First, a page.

The Children’s Blizzard by David Laskin is a great book on the storm. It details the rough conditions settlers faced traveling all the way from Europe to the Great Plains, the Weather Bureau’s beginnings and methods, and the progress of the storm itself.
A short video of the blizzard which features some old photographs from the era.
A video from the FolkLorist on the blizzard.
(Note: Don’t forget about the Kickstarter! There’s only a week and a half to go and there’s still $750 needed to reach our goal!)
Eruption by Steve Olsen is an excellent book on the eruption which details how the eruption impacted everyone involved from the first rumblings on the mountain to the first tree planted in the aftermath.
The Seconds from Disaster episode on the eruption provides an excellent visual description of just how the eruption occurred. Each episode of Seconds from Disaster is a recommendation for any disaster you might be interested in because they not only give a detailed timeline for each disaster, but also give computerized simulations which show the disasters and their causes so you can see what happened. It’s great for those of us who like diagrams and pictures to help understand how disasters worked.
The Minute by Minute episode is also a great documentary to watch on the eruption.
A 30th-anniversary video looking at how things have progressed since the eruption in terms of natural recovery.
Amateur video from a few years ago which briefly shows where Spirit Lake is in relation to the mountain. Note how when the mountain comes into view, you can see that the landslide would have slid directly down the slope toward the lake.
Another amateur video, this one showing the mountain as viewed from the Johnston Observatory. In this video, you can see just how close volcanologist David Johnston would have been standing to the eruption given where the observatory bearing his name and built on the spot where he died is located.
A detailed map listing all of the victims who died due to the eruption and where they were located at the time it occurred.
Here are some interviews with Harry R. Truman, owner and operator of the Mount St. Helens lodge, who died in the blast. Interview #1, Interview #2 (at the start), Interview #3 (in photos rather than video, from an Oregonian interview)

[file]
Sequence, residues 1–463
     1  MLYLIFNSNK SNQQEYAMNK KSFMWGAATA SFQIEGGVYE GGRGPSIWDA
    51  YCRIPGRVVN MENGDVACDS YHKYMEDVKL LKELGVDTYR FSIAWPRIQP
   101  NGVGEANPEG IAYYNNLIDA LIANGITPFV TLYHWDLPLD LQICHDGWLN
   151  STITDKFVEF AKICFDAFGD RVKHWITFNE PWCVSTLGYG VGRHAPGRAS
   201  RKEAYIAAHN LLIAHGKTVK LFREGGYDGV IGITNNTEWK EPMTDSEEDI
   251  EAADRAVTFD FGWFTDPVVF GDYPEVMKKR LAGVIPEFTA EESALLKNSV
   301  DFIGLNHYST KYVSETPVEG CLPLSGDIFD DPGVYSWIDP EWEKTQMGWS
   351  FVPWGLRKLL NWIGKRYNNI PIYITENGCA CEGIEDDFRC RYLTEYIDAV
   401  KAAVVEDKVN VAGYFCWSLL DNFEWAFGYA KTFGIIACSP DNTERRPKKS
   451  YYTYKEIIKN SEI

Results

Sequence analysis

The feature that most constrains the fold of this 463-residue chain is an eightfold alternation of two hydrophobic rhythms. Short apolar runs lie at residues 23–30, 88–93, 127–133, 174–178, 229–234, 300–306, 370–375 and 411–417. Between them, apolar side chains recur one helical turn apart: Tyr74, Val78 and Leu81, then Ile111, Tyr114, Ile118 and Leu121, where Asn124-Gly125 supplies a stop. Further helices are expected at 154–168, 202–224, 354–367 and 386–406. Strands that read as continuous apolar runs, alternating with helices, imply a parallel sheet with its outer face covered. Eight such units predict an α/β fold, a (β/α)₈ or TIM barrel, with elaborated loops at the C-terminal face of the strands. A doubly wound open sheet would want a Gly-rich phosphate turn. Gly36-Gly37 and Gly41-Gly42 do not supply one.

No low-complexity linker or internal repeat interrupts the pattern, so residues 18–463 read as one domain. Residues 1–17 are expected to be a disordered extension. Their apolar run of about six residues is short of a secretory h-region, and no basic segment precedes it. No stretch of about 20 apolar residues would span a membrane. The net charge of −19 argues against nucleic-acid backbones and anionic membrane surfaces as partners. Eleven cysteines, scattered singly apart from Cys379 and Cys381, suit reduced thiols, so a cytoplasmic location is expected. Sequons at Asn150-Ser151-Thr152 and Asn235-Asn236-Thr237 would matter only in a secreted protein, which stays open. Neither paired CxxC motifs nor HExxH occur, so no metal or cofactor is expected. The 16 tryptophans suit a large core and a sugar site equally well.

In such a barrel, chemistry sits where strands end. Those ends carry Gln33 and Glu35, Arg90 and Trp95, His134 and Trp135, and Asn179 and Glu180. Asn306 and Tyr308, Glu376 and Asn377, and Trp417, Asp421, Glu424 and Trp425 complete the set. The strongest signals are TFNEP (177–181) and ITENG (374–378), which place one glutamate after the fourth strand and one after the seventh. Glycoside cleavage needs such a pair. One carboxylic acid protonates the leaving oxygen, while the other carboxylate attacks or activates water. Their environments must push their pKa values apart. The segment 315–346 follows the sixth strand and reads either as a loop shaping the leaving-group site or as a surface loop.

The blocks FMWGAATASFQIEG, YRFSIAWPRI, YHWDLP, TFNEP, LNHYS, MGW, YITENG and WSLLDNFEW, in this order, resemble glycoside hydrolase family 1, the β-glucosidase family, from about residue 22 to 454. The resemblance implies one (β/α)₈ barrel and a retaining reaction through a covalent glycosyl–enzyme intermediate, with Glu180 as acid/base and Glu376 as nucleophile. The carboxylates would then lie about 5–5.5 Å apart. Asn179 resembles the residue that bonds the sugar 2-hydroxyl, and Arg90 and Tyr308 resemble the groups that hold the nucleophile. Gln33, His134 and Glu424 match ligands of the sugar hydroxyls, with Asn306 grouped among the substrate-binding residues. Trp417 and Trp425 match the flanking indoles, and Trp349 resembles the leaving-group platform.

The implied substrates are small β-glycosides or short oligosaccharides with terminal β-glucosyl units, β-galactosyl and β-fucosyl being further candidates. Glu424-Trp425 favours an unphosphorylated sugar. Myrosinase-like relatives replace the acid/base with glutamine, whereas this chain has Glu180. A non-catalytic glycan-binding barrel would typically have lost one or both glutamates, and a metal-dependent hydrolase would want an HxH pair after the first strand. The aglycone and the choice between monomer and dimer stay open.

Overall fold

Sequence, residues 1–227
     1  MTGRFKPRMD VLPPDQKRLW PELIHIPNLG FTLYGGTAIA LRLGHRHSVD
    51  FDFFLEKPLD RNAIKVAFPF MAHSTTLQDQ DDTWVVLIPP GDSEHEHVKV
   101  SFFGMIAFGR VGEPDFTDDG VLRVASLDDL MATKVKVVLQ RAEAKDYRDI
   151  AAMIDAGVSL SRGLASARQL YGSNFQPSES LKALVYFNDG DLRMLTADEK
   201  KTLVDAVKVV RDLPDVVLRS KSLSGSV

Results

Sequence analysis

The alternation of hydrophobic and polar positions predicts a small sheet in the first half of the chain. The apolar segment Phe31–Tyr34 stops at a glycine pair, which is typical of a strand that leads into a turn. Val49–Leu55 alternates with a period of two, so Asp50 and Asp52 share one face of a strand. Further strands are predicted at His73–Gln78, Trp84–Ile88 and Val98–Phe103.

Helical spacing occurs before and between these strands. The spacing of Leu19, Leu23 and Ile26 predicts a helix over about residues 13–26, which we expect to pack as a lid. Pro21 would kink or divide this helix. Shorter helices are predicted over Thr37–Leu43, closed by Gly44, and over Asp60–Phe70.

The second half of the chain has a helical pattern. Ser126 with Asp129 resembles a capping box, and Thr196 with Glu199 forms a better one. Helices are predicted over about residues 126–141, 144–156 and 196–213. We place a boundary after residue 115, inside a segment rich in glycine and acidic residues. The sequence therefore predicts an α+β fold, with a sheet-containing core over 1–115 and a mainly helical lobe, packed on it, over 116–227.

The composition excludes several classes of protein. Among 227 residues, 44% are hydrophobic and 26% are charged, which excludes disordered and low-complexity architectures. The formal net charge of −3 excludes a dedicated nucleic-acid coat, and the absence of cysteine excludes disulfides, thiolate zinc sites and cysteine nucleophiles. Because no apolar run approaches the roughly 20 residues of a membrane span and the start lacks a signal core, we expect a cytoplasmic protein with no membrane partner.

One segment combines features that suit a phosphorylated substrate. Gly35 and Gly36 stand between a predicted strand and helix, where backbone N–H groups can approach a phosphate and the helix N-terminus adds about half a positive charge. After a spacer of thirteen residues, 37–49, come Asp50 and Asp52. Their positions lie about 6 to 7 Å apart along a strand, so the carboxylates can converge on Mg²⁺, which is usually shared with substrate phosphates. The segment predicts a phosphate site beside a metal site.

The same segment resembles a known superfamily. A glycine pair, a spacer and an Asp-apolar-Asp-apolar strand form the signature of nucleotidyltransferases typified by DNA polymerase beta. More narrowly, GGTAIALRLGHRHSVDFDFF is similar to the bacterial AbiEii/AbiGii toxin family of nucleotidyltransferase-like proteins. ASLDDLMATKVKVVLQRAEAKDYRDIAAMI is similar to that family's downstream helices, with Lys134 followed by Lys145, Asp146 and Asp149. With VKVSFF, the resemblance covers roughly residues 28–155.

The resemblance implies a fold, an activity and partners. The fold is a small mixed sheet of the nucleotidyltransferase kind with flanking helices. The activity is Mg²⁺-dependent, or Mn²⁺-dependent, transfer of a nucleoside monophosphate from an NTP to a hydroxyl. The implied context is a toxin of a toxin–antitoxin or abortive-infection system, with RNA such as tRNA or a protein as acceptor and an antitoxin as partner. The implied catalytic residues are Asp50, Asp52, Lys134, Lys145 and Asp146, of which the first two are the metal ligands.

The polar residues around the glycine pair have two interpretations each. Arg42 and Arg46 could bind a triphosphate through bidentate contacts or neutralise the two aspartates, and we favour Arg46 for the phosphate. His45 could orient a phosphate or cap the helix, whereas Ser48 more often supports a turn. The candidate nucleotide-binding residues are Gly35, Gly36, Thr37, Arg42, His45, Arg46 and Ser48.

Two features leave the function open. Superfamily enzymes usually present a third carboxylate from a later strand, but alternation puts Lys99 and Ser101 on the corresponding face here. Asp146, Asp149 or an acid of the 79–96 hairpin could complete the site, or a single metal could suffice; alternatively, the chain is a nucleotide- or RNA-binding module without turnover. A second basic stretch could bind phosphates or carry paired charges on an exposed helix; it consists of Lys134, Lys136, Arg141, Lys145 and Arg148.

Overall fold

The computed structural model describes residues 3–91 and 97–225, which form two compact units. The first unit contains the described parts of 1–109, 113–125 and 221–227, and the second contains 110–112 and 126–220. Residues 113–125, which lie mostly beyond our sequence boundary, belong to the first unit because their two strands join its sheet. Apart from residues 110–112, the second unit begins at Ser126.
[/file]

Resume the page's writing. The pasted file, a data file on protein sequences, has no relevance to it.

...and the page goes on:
The Air Crash Investigation is one you may have seen if you watch the show as religiously as I do, and is as frustrating to watch as it is to read about.
The ATC recording regarding Avianca Flight 52 is only from the side of the air traffic controller and does not include the discussions the flight crew are having in the cockpit. However, it does show that the first officer neither declares an emergency nor shows an undue amount of distress.
In a related link, the transcript of everything said by the flight crew, tower, and controller shows just how much discussion was going on in the cockpit, and how much was not being translated to those on the other end of the radio.
A news clip noting the 20th anniversary featuring the quote used at the start of the episode.
An article on the 20th anniversary of the crash.
This Time article contains details about the drug mules on board.
The “Lessons Learned” page for the crash on the Federal Aviation Administration’s website.
Please contribute if you can to our Kickstarter! 🙂
The coroner’s report contains a detailed timeline of the events of the shooting as well as of the arrivals of rescue personnel.
The “Fifth Estate” episode on the massacre.
Marc Lepine: The Montreal Massacre by RJ Parker is a volume in the Crimes Canada series and is available for free as a Kindle Unlimited book.
While not used as a source for this episode due to a lack of availability, Monique Lepine’s memoir Aftermath tells about the shooting’s impact on her and is used as a source for much for the personal information for the shooter on Wikipedia.
An article focusing on the survivors in the approach to the 20th anniversary of the shooting.
CityNews Rewind: The Montreal Massacre
An article speaking with survivors, particularly Nathalie Provost who confronted the shooter, on the 25th anniversary of the massacre.